Georgia prosecutors are gearing up for the Trump election interference case
LEILA FADEL, HOST:
Today, a grand jury meets to consider a case of election interference in Georgia.
STEVE INSKEEP, HOST:
Fulton County District Attorney Fani Willis is said to be considering charges against more than a dozen people, one of whom is Donald Trump, who tried to stay in office after his election defeat in 2020. Some of his most blatant efforts centered on Georgia, where Trump urged officials to, quote, "find" enough extra votes for him to win the state by exactly one vote. If the grand jury indicts him, it would be the fourth criminal case against the ex-president.
FADEL: Joining us now is Georgia Public Broadcasting's Stephen Fowler, who has been following the grand jury process. Good morning.
STEPHEN FOWLER, BYLINE: Good morning.
FADEL: So Stephen, what do we know about the likely timing of a grand jury decision in Georgia?
FOWLER: Well, people have been anticipating this decision for a while. This is the end of a two-week period the district attorney flagged as times where staff would work remotely, judges wouldn't schedule trials. And the courthouse is under extra security - even removing chairs in some public waiting areas - along with barricades, street closures and a crush of TV cameras camped outside waiting for action.
FADEL: So how do we know it's in the next 48 hours?
FOWLER: Well, there are two separate grand juries that meet - one on Mondays and Tuesdays, one on Thursdays and Fridays. Some witnesses, like Georgia's former lieutenant governor, Geoff Duncan, said they're testifying behind closed doors on Tuesday, meaning prosecutors should start presenting their case today. Plus, Willis has presented complicated racketeering cases like this before, and it's taken about two days to get through because of the sheer number of people and alleged crimes that are included.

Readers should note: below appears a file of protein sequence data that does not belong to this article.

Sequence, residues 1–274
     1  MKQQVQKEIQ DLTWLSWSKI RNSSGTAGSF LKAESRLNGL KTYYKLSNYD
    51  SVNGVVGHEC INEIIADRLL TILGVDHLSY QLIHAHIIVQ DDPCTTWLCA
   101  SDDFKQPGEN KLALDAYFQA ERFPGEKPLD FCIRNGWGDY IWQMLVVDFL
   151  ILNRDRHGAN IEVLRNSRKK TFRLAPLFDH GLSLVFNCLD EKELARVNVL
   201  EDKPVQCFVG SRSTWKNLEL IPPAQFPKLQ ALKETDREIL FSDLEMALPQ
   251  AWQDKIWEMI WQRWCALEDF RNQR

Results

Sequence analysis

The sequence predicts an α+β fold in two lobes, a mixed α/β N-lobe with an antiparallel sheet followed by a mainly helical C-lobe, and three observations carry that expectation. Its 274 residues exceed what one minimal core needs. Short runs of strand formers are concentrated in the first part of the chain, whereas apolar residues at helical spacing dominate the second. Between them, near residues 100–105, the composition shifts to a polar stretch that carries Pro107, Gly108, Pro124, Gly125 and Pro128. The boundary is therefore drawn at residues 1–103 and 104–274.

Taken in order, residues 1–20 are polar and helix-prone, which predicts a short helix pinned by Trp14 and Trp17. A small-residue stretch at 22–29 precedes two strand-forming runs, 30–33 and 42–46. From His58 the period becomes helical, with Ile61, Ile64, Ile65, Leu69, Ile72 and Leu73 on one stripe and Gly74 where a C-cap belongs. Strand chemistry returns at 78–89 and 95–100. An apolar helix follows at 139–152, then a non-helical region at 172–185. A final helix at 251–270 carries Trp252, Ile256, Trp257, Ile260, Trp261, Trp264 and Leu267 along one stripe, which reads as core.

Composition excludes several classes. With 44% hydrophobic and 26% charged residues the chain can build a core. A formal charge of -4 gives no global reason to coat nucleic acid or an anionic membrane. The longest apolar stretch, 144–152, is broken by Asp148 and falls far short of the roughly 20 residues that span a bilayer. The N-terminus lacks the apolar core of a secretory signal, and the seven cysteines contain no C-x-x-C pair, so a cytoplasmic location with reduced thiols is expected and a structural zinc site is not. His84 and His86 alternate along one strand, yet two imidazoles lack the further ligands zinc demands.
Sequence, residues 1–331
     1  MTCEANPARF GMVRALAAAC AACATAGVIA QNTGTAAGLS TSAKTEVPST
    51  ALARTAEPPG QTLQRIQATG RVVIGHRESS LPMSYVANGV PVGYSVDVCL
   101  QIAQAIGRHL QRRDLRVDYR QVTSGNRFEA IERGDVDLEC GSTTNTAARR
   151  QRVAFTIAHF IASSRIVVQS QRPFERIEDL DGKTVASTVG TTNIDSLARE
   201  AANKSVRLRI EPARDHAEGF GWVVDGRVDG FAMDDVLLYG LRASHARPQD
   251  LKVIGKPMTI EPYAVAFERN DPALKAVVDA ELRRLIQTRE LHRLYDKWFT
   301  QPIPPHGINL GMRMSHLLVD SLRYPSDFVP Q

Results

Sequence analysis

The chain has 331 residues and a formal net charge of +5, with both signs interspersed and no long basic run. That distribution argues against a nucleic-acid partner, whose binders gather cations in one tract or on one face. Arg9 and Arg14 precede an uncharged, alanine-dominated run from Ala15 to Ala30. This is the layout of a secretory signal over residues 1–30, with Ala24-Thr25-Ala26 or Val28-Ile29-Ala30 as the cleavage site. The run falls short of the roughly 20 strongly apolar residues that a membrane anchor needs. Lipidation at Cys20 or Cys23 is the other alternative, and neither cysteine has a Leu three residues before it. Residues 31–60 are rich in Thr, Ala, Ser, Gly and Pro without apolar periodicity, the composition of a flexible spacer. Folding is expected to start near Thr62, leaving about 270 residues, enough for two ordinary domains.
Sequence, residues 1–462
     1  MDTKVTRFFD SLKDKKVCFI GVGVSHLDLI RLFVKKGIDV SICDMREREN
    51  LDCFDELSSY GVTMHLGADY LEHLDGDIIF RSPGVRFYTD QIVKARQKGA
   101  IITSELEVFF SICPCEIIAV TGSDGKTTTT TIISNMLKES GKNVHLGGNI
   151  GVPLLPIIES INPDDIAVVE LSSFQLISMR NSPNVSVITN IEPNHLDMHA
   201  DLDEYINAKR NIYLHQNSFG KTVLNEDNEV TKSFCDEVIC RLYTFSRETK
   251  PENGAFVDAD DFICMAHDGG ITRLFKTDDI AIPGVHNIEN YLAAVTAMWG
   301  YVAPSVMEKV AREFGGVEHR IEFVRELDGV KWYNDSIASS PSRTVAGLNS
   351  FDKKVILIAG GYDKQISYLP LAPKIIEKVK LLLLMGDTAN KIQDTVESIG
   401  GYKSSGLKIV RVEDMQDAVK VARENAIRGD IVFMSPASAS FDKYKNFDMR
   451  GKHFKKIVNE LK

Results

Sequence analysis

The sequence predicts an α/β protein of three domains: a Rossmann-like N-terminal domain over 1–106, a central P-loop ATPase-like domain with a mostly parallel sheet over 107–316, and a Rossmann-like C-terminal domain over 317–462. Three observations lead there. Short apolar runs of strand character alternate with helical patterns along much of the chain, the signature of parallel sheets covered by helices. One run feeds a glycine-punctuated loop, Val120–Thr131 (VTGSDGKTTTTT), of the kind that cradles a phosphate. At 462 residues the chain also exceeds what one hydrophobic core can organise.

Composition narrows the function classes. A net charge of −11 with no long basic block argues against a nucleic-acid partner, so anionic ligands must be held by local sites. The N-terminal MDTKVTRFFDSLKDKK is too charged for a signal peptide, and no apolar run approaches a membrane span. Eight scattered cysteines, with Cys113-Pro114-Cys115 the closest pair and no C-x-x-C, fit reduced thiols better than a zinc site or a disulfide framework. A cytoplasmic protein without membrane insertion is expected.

FADEL: So when you say racketeering - for me, that evokes images of the Mafia and other large criminal enterprises. How would this apply to the failed effort to overturn Georgia's elections?
FOWLER: Good question. Georgia's Racketeer Influenced and Corrupt Organizations Act is similar to the federal act that was designed to go after organized crime. There's a narrow list of these things called predicate acts that show a pattern of racketeering activity - that's things like theft, homicide and kidnapping, but also actions like witness intimidation, false statements and forgery that can lead to a RICO violation - that could apply here. And Georgia law is more expansive than federal law, meaning attempting, asking or intimidating someone to do one of those activities can also get you charged. So instead of multiple charges against multiple people and multiple trials independently, RICO allows the DA to paint this broad narrative and show how things are connected and create this criminal enterprise narrative - in this case, that hinges around Donald Trump pressuring officials to fraudulently subvert election results.
FADEL: So remind us - what are some of the plot points in the aftermath of 2020 that prosecutors could argue broke the law?
FOWLER: Well, there are a few main buckets based on public court documents and the work of a previous special investigative jury, Leila. We've got hearings where Trump allies falsely told lawmakers they could pick their own presidential electors - a plan that saw 16 Republicans falsely claim to be the state's official electors - the effort to unlawfully copy election data from a rural Georgia county, and a pressure campaign against sitting officials to change the outcome, including the infamous call between Trump and Georgia's Republican Secretary of State, Brad Raffensperger, where the then-president said this.
(SOUNDBITE OF ARCHIVED RECORDING)
DONALD TRUMP: So look, all I want to do is this. I just want to find 11,780 votes, which is one more than we have, because we won the state.
FOWLER: There are a lot of things that happened in the months after 2020, and we should know more later this week.
FADEL: Georgia Public Broadcasting's Stephen Fowler. Thank you, Stephen.
FOWLER: Thank you. Transcript provided by NPR, Copyright NPR.